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The Lifeline of Happiness: The Importance of Connection for Older Adults

Embracing Connection for Healthier Lives

Nearly all of us have, or will, feel lonely at some point in our lives. As social interaction is a core component of the human experience, the seeming lack of it is felt deeply. In an increasingly isolated society in which cashiers are replaced by self-checkout machines, shopping is done online, and even doctor appointments are encouraged to take place over the phone, it’s easy to feel the loss of human connection.

A fitting definition for loneliness reads: ‘a subjective, unwelcome feeling of lack or loss of companionship. It happens when there is a mismatch between the quantity and quality of the social relationships that we have, and those that we want’. This definition draws on the seminal work in the field by psychologists Daniel Perlman and Letitia Peplau, Toward a Social Psychology of Loneliness. To examine and measure loneliness, Perlman and Peplau use the ‘cognitive deficit’ model, which views loneliness as “a discrepancy between one’s desired and achieved levels of social relations”. It is widely acknowledged that there are three types of loneliness: emotional loneliness – ‘the absence of meaningful relationships’, social loneliness – a ‘perceived deficit in the quality of social connections’, and existential loneliness – a ‘feeling of fundamental separateness from others and the wider world’.

According to Age UK, the number of people aged 50 and over in England who consider themselves often lonely was 1.36 million in 2017 and is projected to be 2.03 million by 2025. The Financial Times, The New York Times and the Economist have all published articles on the growing loneliness epidemic and its damage to public health.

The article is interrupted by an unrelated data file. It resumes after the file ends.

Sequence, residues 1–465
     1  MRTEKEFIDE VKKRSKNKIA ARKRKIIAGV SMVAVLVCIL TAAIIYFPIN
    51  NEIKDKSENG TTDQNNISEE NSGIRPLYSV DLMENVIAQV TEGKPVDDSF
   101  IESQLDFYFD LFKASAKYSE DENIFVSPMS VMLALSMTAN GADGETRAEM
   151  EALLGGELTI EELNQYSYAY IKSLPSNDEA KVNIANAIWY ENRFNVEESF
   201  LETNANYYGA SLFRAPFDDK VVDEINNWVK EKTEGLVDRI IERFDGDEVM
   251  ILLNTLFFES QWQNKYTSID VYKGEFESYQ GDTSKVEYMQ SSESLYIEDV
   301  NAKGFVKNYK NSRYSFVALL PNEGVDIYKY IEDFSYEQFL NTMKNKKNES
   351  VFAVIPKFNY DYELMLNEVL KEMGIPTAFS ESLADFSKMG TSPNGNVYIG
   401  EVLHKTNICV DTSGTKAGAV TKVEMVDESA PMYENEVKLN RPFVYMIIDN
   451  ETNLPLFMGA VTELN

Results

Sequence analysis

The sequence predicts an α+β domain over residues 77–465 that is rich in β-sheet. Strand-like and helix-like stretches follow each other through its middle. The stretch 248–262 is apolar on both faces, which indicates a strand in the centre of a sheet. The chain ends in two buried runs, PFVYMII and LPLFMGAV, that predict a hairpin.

Whilst loneliness is not a mental health problem in and of itself, it is closely interlinked with poor mental health, and each can worsen the other. Research has also shown that loneliness can manifest itself in physical symptoms, such as high blood pressure and acute stress responses.

Unsurprisingly, social connectedness is associated with better mental health and increased self-esteem and confidence, and it’s important that as we grow older, we continue to ensure we remain socially engaged. Social interactions trigger the release of oxytocin, a hormone that promotes feelings of happiness and reduces stress, and it is proven that this has a significant impact on the cognitive health in older adults. In fact, studies have shown that older people who maintain strong social connections have a reduced risk of conditions such as Alzheimer's disease.

Engaging in conversations, participating in group activities, or pursuing hobbies with others can provide mental stimulation, helping to keep the brain active and agile. Being socially active also encourages older individuals to be more physically active. Something as simple as having a purpose to get out of the house can make all the difference.

You can read our Active Life, Less Strife! ( , which gives ideas for different social activities seniors can look out for and enjoy. As a society we must encourage these activities, promote community involvement and intergenerational interaction. We mustn’t forget that as we look to the future and forge ahead in technological advancements, there are people we don’t want to leave behind. We must work to protect and foster an environment of inclusivity and understanding so that older adults can continue to easily experience the joy and significance that human connection brings.

Author Bio: Chania Fox is a freelance writer with experience in publishing and copywriting. Chania has previously worked for Linen Press, the UK's leading independent female publishing press, as well as working as a copywriter for a global design consultancy with high-profile international clients. She is also available on Linkedin.


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